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"Training generally includes reading and classroom learning, along with role-playing, experiential learning and shadowing experienced crisis counselors," says Louis.

Many callers aren't at the point where they are considering suicide, but these are the types of calls that intimidate volunteers, according to Louis.

"Much of the training that centers provide is around how to assess and support the safety of people who may be having thoughts of suicide and how to de-escalate immediate crises for people experiencing emotional distress," says Louis. "After completing training, any crisis counselor will have the tools and guidance they need to help people in crisis, as well as having a clear understanding of how and when to seek support in the moment from their training/supervisory team with handling a difficult conversation."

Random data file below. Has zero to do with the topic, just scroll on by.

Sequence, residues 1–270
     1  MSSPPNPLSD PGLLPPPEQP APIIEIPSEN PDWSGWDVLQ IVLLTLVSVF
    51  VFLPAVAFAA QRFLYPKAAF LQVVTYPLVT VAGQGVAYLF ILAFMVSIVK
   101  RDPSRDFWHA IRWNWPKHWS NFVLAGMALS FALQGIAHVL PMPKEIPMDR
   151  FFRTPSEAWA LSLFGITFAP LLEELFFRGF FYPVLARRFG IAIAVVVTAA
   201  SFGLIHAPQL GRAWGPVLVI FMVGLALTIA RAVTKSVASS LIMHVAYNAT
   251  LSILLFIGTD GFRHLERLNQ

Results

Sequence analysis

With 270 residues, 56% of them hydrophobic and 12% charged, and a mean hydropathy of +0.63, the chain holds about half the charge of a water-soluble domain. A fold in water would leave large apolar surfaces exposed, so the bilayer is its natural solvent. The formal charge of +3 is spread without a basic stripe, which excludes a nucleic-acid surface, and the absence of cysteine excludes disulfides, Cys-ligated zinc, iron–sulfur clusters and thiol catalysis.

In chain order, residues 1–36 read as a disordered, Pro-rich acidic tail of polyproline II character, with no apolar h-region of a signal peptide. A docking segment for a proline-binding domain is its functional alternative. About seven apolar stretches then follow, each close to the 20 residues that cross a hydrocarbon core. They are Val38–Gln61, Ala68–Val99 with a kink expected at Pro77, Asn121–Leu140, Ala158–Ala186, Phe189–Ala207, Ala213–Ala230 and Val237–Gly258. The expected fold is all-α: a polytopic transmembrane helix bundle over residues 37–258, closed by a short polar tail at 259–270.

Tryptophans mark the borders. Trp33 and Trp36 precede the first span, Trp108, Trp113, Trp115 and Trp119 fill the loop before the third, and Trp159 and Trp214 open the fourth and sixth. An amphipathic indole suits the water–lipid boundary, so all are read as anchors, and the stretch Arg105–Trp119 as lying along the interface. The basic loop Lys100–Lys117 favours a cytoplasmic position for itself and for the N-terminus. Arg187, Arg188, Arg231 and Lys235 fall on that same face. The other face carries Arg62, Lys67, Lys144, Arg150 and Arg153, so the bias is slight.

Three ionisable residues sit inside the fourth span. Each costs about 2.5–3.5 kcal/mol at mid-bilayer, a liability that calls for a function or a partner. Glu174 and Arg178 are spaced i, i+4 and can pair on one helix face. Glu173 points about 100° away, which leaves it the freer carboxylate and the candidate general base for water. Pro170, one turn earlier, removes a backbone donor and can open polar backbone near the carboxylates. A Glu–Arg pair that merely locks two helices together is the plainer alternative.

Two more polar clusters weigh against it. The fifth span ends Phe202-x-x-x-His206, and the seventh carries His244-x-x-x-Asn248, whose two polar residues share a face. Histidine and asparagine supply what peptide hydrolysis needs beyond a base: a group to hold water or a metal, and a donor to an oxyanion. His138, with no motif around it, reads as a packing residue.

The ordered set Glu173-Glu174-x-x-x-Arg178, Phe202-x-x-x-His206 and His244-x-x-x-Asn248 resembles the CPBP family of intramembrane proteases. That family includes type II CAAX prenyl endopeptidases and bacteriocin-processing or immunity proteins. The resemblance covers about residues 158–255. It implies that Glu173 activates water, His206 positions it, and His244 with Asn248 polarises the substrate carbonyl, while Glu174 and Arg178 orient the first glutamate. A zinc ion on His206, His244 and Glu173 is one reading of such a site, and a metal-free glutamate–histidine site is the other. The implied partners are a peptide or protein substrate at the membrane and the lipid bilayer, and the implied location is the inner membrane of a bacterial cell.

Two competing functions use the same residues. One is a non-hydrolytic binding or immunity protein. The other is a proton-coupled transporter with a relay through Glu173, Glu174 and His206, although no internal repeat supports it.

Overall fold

What Happens During a Hotline Shift

Hudelson works full-time selling technology products, so he volunteers for late afternoon, early evening and weekend shifts. He has been a hotline volunteer for four years, after serving on the board of the Westfield, New Jersey crisis center prior to that.

Taking time to decompress after each call is important, says Hudelson, because "you need to be engaged with the caller on every call."

The center asks volunteers to commit to 8 hours per month, and during a typical shift, Hudelson will work for a couple of hours and take calls that last on average 20-40 minutes. In between calls, he'll keep records of his calls, and take breaks between them.

Taking time to decompress after each call is important, says Hudelson, because "you need to be engaged with the caller on every call."

While Hudelson is comfortable answering calls, it wasn't always that way.